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Lets say I have two columns of type NUMBER (without precision, and scale) and VARCHAR(300). I saw that these columns are way too large for my data, so I want to modify them to NUMBER(11) and VARCHAR(10). So If I run this SQL statement:

ALTER TABLE FOO
    MODIFY(BAR NUMBER(10));
  • Will I be able to do that on nonempty column?
  • If so, what If there is one value greater than NUMBER(10), will oracle tell me about it?
  • Will column default values remain unchanged if previously defined?
  • Will column nullable option remain unchanged?
  • Will primary, foreign, unique key on that column remain unchanged?
  • Will constraints involving that columns remain unchanged?
  • Will indexes on that columns remain unchanged?

Is there any official documentation answering my questions?

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1 Answer

up vote 9 down vote accepted

The Oracle Administrators Guide says the following:

Use the ALTER TABLE...MODIFY statement to modify an existing column definition. You can modify column data type, default value, column constraint, column expression (for virtual columns) and column encryption.

You can increase the length of an existing column, or decrease it, if all existing data satisfies the new length. You can change a column from byte semantics to CHAR semantics or vice versa. You must set the initialization parameter BLANK_TRIMMING=TRUE to decrease the length of a non-empty CHAR column.

If you are modifying a table to increase the length of a column of data type CHAR, realize that this can be a time consuming operation and can require substantial additional storage, especially if the table contains many rows. This is because the CHAR value in each row must be blank-padded to satisfy the new column length.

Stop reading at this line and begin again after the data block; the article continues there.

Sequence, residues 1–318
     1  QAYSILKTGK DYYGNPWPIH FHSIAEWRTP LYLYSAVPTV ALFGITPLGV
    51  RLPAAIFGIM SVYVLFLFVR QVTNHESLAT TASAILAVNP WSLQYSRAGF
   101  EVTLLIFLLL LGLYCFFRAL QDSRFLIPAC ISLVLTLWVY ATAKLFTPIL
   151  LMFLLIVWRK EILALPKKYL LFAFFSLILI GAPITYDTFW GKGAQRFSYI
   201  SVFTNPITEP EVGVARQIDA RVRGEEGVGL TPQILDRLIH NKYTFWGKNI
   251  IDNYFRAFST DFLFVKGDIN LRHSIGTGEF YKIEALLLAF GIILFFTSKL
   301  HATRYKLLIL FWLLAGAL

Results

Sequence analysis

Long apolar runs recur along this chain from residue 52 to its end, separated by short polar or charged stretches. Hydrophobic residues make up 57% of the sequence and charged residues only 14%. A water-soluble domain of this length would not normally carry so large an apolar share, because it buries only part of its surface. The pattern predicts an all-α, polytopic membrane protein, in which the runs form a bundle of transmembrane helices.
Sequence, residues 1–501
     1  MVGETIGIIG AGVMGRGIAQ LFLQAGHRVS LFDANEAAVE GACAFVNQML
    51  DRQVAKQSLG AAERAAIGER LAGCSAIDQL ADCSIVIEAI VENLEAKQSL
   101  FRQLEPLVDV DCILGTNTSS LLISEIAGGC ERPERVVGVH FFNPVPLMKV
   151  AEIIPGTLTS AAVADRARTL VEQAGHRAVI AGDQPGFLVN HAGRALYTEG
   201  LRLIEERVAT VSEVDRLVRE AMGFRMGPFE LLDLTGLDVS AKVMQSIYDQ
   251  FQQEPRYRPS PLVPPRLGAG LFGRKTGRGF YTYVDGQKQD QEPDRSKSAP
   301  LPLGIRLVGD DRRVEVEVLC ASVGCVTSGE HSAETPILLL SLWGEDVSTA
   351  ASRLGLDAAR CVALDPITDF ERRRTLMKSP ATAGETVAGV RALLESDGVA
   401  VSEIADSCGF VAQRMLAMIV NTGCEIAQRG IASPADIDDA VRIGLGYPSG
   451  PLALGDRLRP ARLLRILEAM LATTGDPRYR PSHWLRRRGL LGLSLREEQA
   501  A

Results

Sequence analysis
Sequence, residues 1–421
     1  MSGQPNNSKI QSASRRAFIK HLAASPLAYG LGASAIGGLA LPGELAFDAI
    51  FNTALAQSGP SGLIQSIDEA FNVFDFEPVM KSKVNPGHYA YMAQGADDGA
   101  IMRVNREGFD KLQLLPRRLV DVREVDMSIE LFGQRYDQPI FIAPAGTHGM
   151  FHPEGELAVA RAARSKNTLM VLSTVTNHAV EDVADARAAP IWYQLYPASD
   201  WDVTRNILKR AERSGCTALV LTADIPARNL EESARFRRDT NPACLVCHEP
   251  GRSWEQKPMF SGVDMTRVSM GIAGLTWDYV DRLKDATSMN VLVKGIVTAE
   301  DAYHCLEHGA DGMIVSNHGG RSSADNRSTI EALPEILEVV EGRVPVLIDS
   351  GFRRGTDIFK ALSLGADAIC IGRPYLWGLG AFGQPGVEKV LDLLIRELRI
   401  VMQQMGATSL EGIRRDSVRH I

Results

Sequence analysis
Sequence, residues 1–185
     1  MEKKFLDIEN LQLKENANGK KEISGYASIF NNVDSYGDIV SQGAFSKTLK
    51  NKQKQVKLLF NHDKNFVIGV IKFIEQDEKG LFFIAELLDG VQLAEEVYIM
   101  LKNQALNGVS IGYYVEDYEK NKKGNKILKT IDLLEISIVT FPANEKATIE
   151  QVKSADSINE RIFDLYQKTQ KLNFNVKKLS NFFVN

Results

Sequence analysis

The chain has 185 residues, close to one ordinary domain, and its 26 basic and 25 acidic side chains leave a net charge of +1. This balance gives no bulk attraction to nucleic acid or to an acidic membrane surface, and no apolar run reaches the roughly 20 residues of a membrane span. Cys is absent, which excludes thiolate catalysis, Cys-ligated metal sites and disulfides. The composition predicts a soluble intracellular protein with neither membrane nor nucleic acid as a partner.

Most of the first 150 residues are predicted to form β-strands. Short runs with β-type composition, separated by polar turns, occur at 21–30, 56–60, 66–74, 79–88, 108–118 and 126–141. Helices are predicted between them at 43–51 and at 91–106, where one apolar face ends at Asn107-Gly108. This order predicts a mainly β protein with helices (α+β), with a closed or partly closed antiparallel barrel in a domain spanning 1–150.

The Oracle SQL Language Reference has much more detail including the following:

You can change the data type of any column if all rows of the column contain nulls. However, if you change the data type of a column in a materialized view container table, then Oracle Database invalidates the corresponding materialized view.

You can always increase the size of a character or raw column or the precision of a numeric column, whether or not all the rows contain nulls. You can reduce the size of a data type of a column as long as the change does not require data to be modified.The database scans existing data and returns an error if data exists that exceeds the new length limit.

You can modify a DATE column to TIMESTAMP or TIMESTAMP WITH LOCAL TIME ZONE. You can modify any TIMESTAMP WITH LOCAL TIME ZONE to a DATE column.

If the table is empty, then you can increase or decrease the leading field or the fractional second value of a datetime or interval column. If the table is not empty, then you can only increase the leading field or fractional second of a datetime or interval column.